Hundreds of Small Pieces in Huge Holiday Art Show | Art and theatre

The walls of the Radius Gallery are running out of space for all the contemporary art during the annual Holiday Art Show.

The show is “a celebration of Montana’s creative community,” said Lisa Simon, co-owner of Radius.

The gallery estimates there are 150 artists and more than 600 individual pieces, making it one of the largest group shows in Missoula each year. About 80% are from Montana and 50% from the city. About 60 artists, including their represented artists, were asked to submit pieces and then made an open call for more to sign.

Many of the works are small: ceramic cups and small 2D works that start in the $50 zone and go higher and higher for large paintings and sculptures.

The work will hang on the wall until Nov. 17, when people can come pick it up, and the gallery will start bringing in more pieces, including a major rehang on Small Business Saturday on Nov. 27.

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With the sheer volume of work there is a give and take between accessible art and things further afield.

“Often the conversation goes, ‘Wow, that’s wild, check it out,'” and so it goes, said Jason Neal, a co-owner.

Putting up and arranging the show takes days and produces fun and shocking juxtapositions of those styles as you walk through the space.

You’ll see detailed realistic seascapes by Asha MacDonald and pastel landscapes by Bobbie McKibben, whose depiction of outdoor scenes shows her background in creating abstract expressionist markers, Simon said.

Then there’s Gabs Conway’s “The First Born,” a tuberous, fleshy ceramic creature with fingers for legs and a jutting mouth that would find a good home with an HR Giger superfan.

Neal said Missoula has many different layers of talented performers. Students who come from UM are always strong. Then there are mid-career artists, both full-time professional artists and not, who “make great stuff,” and then a higher tier of creators who create nationally recognized work, “all in this little mountain town.”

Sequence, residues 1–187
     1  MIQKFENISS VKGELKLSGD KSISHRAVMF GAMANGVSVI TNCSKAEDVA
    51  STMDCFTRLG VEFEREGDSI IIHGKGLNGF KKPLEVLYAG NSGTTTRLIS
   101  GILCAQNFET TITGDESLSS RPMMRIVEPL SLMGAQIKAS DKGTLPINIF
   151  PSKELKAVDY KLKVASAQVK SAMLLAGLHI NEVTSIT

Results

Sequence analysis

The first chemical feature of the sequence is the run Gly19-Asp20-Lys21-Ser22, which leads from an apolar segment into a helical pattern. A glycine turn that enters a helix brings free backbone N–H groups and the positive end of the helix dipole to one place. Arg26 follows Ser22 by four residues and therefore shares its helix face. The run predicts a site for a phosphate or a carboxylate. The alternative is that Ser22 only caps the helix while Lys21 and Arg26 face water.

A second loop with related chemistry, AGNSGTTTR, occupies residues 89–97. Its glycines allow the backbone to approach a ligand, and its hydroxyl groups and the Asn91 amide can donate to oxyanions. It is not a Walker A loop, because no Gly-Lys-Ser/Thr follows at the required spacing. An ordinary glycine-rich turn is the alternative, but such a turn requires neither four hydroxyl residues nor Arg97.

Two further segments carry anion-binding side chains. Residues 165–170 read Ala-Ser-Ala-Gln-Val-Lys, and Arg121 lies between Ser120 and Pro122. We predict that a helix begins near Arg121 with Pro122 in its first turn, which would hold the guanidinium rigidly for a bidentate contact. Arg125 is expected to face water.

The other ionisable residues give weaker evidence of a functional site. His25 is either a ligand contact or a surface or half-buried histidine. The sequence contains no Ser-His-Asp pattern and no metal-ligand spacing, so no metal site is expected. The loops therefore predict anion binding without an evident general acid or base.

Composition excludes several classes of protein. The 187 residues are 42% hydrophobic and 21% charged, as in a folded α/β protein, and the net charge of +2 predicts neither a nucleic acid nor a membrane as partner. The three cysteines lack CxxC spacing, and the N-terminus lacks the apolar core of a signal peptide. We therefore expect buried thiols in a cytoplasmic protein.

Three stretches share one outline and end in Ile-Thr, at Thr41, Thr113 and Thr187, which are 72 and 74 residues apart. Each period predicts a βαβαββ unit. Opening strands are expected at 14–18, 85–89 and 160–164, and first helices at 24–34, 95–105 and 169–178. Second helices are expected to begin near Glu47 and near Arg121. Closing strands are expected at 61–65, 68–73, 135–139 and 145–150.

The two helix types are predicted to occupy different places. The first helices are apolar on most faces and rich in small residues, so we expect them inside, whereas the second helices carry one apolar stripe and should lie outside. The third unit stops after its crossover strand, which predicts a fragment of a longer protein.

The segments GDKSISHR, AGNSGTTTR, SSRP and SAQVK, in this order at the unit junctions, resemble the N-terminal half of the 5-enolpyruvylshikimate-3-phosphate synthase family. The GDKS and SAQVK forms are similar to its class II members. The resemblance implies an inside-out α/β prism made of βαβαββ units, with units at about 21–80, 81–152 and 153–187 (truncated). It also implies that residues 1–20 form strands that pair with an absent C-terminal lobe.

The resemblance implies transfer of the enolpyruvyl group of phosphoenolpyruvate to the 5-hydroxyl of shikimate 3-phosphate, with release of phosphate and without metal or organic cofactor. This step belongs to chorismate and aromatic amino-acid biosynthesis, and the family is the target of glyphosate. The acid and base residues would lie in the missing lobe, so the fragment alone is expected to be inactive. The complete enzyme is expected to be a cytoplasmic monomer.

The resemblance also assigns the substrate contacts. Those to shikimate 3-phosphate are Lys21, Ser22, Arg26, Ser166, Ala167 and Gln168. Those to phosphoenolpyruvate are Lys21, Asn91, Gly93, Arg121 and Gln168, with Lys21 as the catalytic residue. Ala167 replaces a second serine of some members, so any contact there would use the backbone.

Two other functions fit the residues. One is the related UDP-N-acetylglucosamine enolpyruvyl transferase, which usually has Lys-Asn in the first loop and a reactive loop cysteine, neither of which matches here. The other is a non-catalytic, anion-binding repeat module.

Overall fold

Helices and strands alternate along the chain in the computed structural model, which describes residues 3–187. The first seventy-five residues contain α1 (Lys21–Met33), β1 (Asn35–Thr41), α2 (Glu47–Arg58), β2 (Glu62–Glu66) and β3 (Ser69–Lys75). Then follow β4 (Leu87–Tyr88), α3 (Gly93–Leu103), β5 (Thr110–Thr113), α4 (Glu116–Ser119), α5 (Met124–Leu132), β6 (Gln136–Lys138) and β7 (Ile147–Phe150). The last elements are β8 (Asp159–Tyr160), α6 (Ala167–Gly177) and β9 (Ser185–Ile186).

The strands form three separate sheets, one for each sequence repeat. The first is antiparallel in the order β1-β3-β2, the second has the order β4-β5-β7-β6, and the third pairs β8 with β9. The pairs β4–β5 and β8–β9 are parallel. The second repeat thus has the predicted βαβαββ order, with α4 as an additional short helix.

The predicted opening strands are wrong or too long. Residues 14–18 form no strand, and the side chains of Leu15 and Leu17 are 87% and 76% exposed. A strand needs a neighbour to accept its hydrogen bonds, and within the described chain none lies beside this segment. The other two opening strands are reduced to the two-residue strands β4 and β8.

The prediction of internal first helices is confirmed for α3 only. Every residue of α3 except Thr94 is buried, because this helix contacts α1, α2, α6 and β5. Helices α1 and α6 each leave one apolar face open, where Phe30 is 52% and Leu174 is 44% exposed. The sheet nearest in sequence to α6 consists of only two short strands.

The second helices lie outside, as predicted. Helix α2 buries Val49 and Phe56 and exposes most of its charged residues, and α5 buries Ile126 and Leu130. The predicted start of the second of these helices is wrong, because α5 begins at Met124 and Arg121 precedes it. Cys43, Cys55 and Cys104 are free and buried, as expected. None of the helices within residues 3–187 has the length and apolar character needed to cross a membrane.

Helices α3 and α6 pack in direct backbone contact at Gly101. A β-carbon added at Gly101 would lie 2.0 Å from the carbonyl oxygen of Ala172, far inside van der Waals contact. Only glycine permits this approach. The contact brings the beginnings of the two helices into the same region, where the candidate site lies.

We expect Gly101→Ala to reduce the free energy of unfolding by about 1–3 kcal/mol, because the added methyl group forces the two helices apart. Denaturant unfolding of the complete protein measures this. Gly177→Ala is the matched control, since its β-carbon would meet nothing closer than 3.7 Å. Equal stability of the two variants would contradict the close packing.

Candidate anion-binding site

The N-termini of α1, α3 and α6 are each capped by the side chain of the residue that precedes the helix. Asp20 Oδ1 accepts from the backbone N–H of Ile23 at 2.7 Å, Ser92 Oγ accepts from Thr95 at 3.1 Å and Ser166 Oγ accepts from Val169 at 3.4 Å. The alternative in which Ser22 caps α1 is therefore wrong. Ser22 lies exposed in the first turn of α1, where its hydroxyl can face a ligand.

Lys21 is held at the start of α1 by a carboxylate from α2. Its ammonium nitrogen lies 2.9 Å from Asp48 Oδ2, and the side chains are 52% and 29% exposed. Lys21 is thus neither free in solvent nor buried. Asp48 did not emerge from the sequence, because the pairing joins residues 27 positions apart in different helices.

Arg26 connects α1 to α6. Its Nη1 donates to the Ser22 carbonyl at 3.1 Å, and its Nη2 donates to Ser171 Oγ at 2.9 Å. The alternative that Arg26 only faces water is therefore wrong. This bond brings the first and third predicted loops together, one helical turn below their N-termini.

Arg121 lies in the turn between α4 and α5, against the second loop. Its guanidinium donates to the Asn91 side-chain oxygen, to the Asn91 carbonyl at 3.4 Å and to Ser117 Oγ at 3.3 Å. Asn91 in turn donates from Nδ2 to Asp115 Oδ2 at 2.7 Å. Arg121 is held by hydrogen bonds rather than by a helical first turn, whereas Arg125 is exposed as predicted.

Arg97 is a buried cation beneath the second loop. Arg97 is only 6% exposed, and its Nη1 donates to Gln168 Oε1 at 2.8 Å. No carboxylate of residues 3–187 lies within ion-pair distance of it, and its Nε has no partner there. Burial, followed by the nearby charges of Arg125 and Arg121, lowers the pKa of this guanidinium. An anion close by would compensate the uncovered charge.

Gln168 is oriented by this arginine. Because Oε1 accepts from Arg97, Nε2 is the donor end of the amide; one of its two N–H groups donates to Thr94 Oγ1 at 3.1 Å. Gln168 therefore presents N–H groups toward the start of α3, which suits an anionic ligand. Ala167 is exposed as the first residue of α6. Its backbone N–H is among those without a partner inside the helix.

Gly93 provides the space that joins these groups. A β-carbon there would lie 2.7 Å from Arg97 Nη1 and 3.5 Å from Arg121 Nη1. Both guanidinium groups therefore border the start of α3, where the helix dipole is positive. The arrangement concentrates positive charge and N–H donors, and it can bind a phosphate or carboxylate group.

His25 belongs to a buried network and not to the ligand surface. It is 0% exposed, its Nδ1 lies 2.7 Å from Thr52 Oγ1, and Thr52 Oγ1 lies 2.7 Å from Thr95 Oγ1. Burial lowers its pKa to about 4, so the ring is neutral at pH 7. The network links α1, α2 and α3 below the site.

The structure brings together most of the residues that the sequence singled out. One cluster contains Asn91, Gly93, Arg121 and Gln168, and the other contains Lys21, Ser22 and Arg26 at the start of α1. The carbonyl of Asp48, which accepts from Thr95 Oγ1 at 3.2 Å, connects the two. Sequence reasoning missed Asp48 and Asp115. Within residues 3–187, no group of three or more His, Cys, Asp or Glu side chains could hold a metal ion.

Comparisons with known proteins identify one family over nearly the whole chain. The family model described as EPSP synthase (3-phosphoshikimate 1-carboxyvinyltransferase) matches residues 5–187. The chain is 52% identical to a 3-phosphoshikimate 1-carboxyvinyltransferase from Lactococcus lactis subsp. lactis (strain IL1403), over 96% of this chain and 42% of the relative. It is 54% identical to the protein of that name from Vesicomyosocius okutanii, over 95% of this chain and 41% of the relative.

There will be a special online sale on November 29 of pieces by an established group of local residents: ceramicists Adrian Arleo, Julia Galloway, Beth Lo and Shalene Valenzuela, and painter Stephanie Frostad.

The names of younger artists are everywhere: Austin Navrkal’s “Kirkos” is an elegant sculpture, not unlike a Zen Enso circle in watercolor, except it’s made of bent steel bars and soda-fired ceramics. (He’s an MFA candidate at the University of Montana.) Elsewhere are recent graduates like Brooke Armstrong, who submitted wall pieces with white porcelain spheres on wire like a closely spaced bead curtain or a surreal montage of jewelry or sacred objects.

Claudia Roulier, a recent transplant in Montana, contributed assemblage sculptures. “Circular Argument” is built around what appears to be a vintage tuba-style instrument and a bicycle wheel. Lions, bears, horses and a Pinocchio populate the rim, with an animal skull ringing the bell of the horn.

Printmaker James Todd, a retired University of Montana professor emeritus, has a small wall to himself for his finely etched images. It includes portraits, such as James Welch from Todd’s Montana series, and a stoic John Lennon rendering.

Attention movie buffs. As you go up, stop at Relic Gallery, around the corner to the back of the building. They are temporarily exhibiting a piece by a private collector: James Rosenquist’s diptych “Samba School,” a pop abstract painting with photo collage-like layers from 1986. In Oliver Stone’s “Wall Street,” predatory financier Gordon Gekko engages in an auction-bidding war to get his hands on it. to get.

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